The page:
Rise & Shine: 5 ways a proposed immigration rule could impact Colorado students

Good morning.

A new rule proposed by the Trump administration could have what educators and advocates describe as a chilling effect on the legal use of public benefits by immigrants. As Ann explains in today's top story, that could impact students and schools. “The fear has always been there in these communities,” said the program manager of the Denver school district’s migrant education program. “Now, people are even more afraid.”

Also in today's roundup: A financial boost for Colorado charter schools, a unique "early college" model at a KIPP high school in New Orleans, and a member of the Denver superintendent's leadership team announces he will step down after just seven months on the job.

— Melanie Asmar, reporter

Rise & Shine is Chalkbeat’s morning digest of education news. Subscribe to have it delivered to your inbox, or forward to a friend who cares about public education.

CHILLING EFFECT Five ways a proposed immigration rule could impact Colorado students, including that more could come to school hungry. Chalkbeat

BOOST FOR CHARTERS The Colorado Department of Education has received $55 million in federal grant money to help new and expanding charter schools with start-up costs and other expenditures. Chalkbeat

TO AND THROUGH Why a private liberal arts college is enrolling KIPP charter school students in a two-year program designed to end with them earning both a high school diploma and an associate’s degree. Chalkbeat

DEPARTURE A high-ranking member of the Denver Public Schools leadership team is leaving after just seven months on the job. Terrance Carroll, the chief legal and strategic initiatives officer, announced that he plans to step down on Oct. 19, the same day as Superintendent Tom Boasberg. Denver Post, 9News

RULE VIOLATION The principal and athletic director at Eaglecrest High School in Centennial have been placed on administrative leave because of a football player who took the field last year despite being ineligible. Denver Post, 9News, Fox31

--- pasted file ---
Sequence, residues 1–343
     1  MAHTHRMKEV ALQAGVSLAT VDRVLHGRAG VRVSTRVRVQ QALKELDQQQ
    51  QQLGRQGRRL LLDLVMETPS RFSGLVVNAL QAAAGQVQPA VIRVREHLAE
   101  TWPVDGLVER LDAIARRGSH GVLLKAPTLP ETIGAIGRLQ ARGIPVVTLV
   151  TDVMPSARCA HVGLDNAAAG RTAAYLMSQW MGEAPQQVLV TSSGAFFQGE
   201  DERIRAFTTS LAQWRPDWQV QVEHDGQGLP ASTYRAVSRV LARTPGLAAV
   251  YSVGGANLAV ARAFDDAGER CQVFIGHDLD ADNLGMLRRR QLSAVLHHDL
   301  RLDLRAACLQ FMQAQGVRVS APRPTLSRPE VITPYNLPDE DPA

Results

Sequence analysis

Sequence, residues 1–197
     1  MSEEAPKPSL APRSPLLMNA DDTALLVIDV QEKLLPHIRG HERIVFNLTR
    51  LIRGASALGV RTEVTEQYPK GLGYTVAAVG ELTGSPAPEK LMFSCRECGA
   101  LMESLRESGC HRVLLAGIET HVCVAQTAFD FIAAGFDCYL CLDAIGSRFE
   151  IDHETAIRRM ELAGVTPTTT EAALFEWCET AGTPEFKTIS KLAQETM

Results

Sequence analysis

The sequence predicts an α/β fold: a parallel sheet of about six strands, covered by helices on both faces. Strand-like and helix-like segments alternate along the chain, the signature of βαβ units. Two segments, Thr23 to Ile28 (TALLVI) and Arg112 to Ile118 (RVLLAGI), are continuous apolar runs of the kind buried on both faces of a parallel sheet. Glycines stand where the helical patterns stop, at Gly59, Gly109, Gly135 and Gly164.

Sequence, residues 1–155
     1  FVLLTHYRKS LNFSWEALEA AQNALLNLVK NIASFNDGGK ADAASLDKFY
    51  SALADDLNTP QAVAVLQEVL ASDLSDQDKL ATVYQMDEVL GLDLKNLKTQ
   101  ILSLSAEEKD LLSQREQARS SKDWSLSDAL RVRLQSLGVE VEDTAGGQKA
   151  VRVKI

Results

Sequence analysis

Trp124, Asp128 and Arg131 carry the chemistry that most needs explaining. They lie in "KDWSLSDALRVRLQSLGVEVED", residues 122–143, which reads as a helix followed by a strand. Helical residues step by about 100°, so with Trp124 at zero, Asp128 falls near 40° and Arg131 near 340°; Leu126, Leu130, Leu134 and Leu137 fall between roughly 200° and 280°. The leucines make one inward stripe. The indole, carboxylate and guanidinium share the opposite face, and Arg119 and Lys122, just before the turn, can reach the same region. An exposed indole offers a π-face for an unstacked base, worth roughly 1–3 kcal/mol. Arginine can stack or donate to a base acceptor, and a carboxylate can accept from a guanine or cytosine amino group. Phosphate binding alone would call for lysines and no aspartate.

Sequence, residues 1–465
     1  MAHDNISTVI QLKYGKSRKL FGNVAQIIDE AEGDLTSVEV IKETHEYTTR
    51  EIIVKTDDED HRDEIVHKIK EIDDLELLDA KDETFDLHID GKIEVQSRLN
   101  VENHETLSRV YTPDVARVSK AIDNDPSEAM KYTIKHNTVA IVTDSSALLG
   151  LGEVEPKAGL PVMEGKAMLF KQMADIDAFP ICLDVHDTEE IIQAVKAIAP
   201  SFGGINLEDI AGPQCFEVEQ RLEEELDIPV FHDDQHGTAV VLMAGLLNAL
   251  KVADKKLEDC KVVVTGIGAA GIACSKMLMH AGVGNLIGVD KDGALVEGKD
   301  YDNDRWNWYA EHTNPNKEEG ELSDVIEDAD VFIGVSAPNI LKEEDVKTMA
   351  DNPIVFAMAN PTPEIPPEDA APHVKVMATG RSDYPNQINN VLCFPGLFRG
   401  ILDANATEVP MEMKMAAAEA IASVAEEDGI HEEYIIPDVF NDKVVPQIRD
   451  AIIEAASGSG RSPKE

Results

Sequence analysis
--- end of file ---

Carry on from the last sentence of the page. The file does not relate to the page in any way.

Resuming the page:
RESPONSE TO BULLYING The mother of an eighth-grader with a disability who attends Broomfield’s Aspen Creek K-8 says the relentless bullying of her daughter highlights flaws in how the Boulder Valley School District handles such incidents. Daily Camera via Denver Post

ON THE BALLOT Voters in Douglas County are being asked to approve two separate tax measures that would increase funding for schools. “There are huge needs,” said the principal of Douglas County High School in Castle Rock, where the temperature of one classroom last year hovered around 49 degrees. Douglas County News-Press

The suburban district has also had difficulty retaining teachers. If passed, a portion of a $40 million tax increase would go toward pay raises. Douglas County News-Press

UPGRADES The Montbello campus in far northeast Denver, which is home to three schools, has a new library and new lights on its football field. CBS4, 9News

SCHOOL SAFETY A Jeffco school district safety task force is recommending increased mental health support for students, more school security personnel, training for school staff, and security and building improvements. Westminster Window

TAKING FLIGHT Instead of listening to a teacher drone on, 17 seventh-graders at Colorado Springs’ North Middle School were doing their own droning, and it was anything but boring. Gazette

UKE CAN PLAY “The coolest part is they’re writing their own songs, and they can play their favorite pop songs,” said a Greeley elementary school teacher who won a grant to buy 30 ukuleles for his students. Greeley Tribune